Selected scientific papers
This section contains a selection of Dr. Breggin's scientific articles spanning 1964 to the present. They can be arranged chronologically in order to facilitate an overview of his work over the years.
 
 

DocumentsDate added

Order by : Name | Date | Hits | [ Descendent ]
file icon Paxil Special Report III: Drug Company Suppressed Data on Paxil (2006) 05/01/2006
"Drug Company Suppressed Data on Paroxetine-Induced Stimulation: Implications for Violence and Suicide", Ethical Human Psychology and Psychiatry, 8, 255-263, 2006.
file icon Disabling the brain with electroshock (1981) 02/01/1981
"Disabling the Brain with Electroshock." Divergent Views in Psychiatry, M. Dongier and E. Wittkower, editors. Harper and Row, Hagerstown, MD, 247-271, 1981.
file icon The need for ethical human sciences and services 04/01/1999
"The Need for Ethical Human Sciences and Services." Ethical Human Sciences and Services, 1:3-6, 1999.
file icon Paxil Special Report II: How GSK suppressed Paxil data (2006) 04/01/2006
"How GlaxoSmithKline Suppressed Data on Paxil-Induced Akathisia: Implications for Suicidality and Violence", Ethical Human Psychology and Psychiatry, 8, 91-100, 2006.
file icon Psychiatric drug-induced Chronic Brain Impairment (CBI) 01/25/2012
Psychiatric drug-induced Chronic Brain Impairment (CBI): Implications for longterm treatment with psychiatric medication. International Journal of Risk & Safety in Medicine, 23: 193-200.
 
Peter R. Breggin, MD
 
Abstract: Understanding the hazards associated with long-term exposure to psychiatric drugs is very important but rarely emphasized in the scientific literature and clinical practice. Drawing on the scientific literature and clinical experience, the author describes the syndrome of Chronic Brain Impairment (CBM) which can be caused by any trauma to the brain including Traumatic Brain Injury (TBI), electroconvulsive therapy (ECT), and long-term exposure to psychiatric medications. Knowledge of the syndrome should enable clinicians to more easily identify long-term adverse effects caused by psychiatric drugs while enabling researchers to approach the problem with a more comprehensive understanding of the common elements of brain injury as they are manifested after long-term exposure to psychiatric medications. Treatment options are also discussed.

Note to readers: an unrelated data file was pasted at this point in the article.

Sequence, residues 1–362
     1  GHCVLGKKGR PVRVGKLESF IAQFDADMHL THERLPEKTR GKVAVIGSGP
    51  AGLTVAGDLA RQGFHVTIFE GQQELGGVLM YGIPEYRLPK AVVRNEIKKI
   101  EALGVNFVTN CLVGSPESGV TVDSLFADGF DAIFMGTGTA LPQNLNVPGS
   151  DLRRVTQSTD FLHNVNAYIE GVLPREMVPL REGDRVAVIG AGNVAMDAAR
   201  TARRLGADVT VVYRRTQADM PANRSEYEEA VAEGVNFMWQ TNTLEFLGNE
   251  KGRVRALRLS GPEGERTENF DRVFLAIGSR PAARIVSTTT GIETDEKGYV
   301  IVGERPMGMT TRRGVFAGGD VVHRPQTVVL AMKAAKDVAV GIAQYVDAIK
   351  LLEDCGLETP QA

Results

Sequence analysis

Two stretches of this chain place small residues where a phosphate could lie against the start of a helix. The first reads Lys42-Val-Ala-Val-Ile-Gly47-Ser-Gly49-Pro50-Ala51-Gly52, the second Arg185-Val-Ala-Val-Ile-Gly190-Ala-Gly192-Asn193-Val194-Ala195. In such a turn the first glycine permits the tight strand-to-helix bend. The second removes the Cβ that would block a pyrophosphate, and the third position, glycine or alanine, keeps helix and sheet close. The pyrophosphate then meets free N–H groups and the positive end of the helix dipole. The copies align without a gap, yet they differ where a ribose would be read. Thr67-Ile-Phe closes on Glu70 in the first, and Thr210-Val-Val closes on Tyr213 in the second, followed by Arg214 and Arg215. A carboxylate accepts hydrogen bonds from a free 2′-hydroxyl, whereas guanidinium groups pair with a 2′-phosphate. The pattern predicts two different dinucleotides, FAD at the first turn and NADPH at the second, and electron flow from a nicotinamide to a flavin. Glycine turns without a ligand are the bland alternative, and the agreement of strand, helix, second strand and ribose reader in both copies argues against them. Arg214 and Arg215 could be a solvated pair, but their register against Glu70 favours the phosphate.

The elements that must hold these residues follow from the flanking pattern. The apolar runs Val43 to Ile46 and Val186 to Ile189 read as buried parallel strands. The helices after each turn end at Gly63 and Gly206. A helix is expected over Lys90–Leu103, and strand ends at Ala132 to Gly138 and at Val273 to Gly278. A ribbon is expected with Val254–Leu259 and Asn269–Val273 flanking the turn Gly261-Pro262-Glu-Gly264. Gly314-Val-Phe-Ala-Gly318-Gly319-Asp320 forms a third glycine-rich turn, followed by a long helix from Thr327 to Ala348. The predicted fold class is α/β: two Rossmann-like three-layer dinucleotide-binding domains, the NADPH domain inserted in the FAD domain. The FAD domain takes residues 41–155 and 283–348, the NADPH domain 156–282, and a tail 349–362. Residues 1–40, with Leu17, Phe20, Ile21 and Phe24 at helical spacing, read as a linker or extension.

file icon Paxil Special Report I: Court filing makes suppressed Paxil data public ('06) 03/01/2006
"Court Filing Makes Public My Previously Suppressed Analysis of Paxil's Effects." Ethical Human Psychology and Psychiatry, 8, 77-84, 2006.
file icon Analysis of adverse behavioral effects of benzodiazepines (1998) 02/01/1998
"Analysis of adverse behavioral effects of benzodiazepines (tranquilizers)," Journal of Mind and Behavior, 19:21-50, 1998.
file icon Harms of Exposure to SSRIs In Utero (2008) 02/10/2010
"Exposure to SSRI Antidepressants In Utero Causes Birth Defects, Neonatal Withdrawal Symptoms, and Brain Damage." Ethical Human Psychology and Psychiatry, 10, 5-9, 2008.
file icon Recent U.S., Canadian and British regulatory agency actions concerning antidepressants (2005) 01/01/2005
"Recent U.S., Canadian and British regulatory agency actions concerning antidepressant-induced harm to self and others: A review and analysis." Ethical Human Psychology and Psychiatry, 7, 7-22, 2005. Simultaneously published in the International Journal of Risk and Safety in Medicine, 16, 247-259, 2005.
file icon Antidepressant-Induced Suicide, Violence, and Mania: Risks for Military Personnel 02/11/2011

Ethical Human Psychology and Psychiatry, Volume 12, Number 2, 2010.


Peter R. Breggin, MD


The newer antidepressants frequently cause suicide, violence, and manic-like symptoms of activation or overstimulation, presenting serious hazards to active-duty soldiers who carry weapons under stressful conditions. These antidepressant-induced symptoms of activation can mimic posttraumatic stress disorder and are likely to worsen this common disorder in soldiers, increasing the hazard when they are prescribed to military personnel. Antidepressants should not be prescribed to soldiers during or after deployment.

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WARNING!

Most psychiatric drugs can cause withdrawal reactions, sometimes including life-threatening emotional and physical withdrawal problems. In short, it is not only dangerous to start taking psychiatric drugs, it can also be dangerous to stop them. Withdrawal from psychiatric drugs should be done carefully under experienced clinical supervision. Methods for safely withdrawing from psychiatric drugs are discussed in Dr. Breggin's new book, Psychiatric Drug Withdrawal: A Guide for Prescribers, Therapists, Patients, and Their Families.